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Prime Minister Stephen Harper answers a question during the English language federal election debate in Ottawa Ont., on Tuesday, April 12, 2011. (Chris Wattie/The Canadian Press/Chris Wattie/The Canadian Press)
Prime Minister Stephen Harper answers a question during the English language federal election debate in Ottawa Ont., on Tuesday, April 12, 2011. (Chris Wattie/The Canadian Press/Chris Wattie/The Canadian Press)

Nanos poll

Tory support unharmed by G8 spending, but debates yet to register Add to ...

The Teflon coating around Stephen Harper and his Conservatives is showing no cracks despite two days of sustained attacks over the leaked Auditor-General's report, according to a new Nanos Research poll.

Mr. Harper's Tories remain in the lead with 39.9-per-cent support compared to 30.4 per cent for Michael Ignatieff's Liberals; the NDP are at 16.3 per cent; the Greens are at 3.8 per cent and the Bloc is at 9.1 per cent nationally.

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The survey did not measure the effect of last night's English-language leaders' debate; that will come later in the week.

"This is the second day that the controversy related to the A-G report has been in the news and there hasn't been any significant negative impact on the Conservative support as a result of that," Nik Nanos, the election pollster for the Globe and Mail and CTV, said Wednesday morning.

The pollster was referring to leaked drafts of a report from Auditor-General Sheila Fraser that raised significant concerns about the way in which the Harper government spent millions of dollars for last summer's G8 Summit in Huntsville, Ont.

Although the national numbers have hardly moved, Mr. Nanos is detecting changes regionally, especially in Quebec.

He said there is a "noticeable decline" in Liberal support in the province, most of which is concentrated in Montreal.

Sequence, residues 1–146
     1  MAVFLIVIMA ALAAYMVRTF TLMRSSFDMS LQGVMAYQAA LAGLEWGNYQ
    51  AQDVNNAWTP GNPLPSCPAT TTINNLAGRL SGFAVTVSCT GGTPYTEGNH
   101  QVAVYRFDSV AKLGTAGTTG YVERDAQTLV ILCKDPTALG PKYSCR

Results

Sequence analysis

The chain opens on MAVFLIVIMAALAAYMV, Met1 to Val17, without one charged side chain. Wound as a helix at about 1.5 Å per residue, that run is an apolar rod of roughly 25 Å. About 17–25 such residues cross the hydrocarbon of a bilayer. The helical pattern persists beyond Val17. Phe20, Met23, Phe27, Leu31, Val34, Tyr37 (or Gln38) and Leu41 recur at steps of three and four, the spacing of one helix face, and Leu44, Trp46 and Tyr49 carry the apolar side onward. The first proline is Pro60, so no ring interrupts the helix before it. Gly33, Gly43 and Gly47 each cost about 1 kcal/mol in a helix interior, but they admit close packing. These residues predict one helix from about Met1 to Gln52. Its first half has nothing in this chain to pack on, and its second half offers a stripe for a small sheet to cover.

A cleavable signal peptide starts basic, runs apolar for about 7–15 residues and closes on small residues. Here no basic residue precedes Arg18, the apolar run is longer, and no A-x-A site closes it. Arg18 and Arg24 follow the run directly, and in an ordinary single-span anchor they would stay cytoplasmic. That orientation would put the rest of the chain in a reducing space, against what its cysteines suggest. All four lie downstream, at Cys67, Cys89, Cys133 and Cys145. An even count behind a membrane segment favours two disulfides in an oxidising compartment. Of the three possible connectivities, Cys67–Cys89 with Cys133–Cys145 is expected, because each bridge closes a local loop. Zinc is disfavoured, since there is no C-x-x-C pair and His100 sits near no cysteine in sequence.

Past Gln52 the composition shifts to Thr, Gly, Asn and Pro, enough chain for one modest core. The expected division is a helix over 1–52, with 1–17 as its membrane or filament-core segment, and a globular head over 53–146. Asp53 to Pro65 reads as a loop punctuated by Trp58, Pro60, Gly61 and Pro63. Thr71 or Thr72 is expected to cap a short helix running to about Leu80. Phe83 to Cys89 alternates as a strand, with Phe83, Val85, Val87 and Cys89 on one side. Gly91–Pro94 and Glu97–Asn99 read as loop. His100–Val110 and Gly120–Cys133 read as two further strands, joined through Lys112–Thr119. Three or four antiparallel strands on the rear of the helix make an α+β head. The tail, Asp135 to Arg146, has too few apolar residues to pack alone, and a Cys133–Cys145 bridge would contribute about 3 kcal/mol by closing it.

"So it looks like any gains the Liberals realized on the island of Montreal last week are now dissipating," he said. Mr. Ignatieff had toured for a couple of days in Quebec, through the Eastern Townships and into Montreal.

The Bloc, meanwhile, is back to its usual strength in Quebec - 38.6 per cent. This compares to the 38.1-per-cent support it had in the 2008 election. It has 47 of the 75 seats in the province. The Conservatives have 11 seats; the Liberals 14 and the New Democrats have one. There is one Independent MP and one vacancy.

But these new Quebec numbers mean that Gilles Duceppe, the Bloc leader, walks into Wednesday night's French-language debate with wind under his sails.

But what do the Quebec numbers mean for Mr. Harper and his Conservatives?

"I think what the polling suggests is that the Conservatives can likely hold on to what they have at this particular point, subject to what happens in the Quebec debate," Mr. Nanos said. "If the [Conservative Leader]gets through the Quebec debate without having sustained any kind of major damage, then it's probably a pretty good likelihood ... that he can hold on to what he has but not grow it."

The poll of 989 Canadians was conducted between April 10 and April 12; it is accurate plus or minus 3.1 percentage points, 19 times out of 20.

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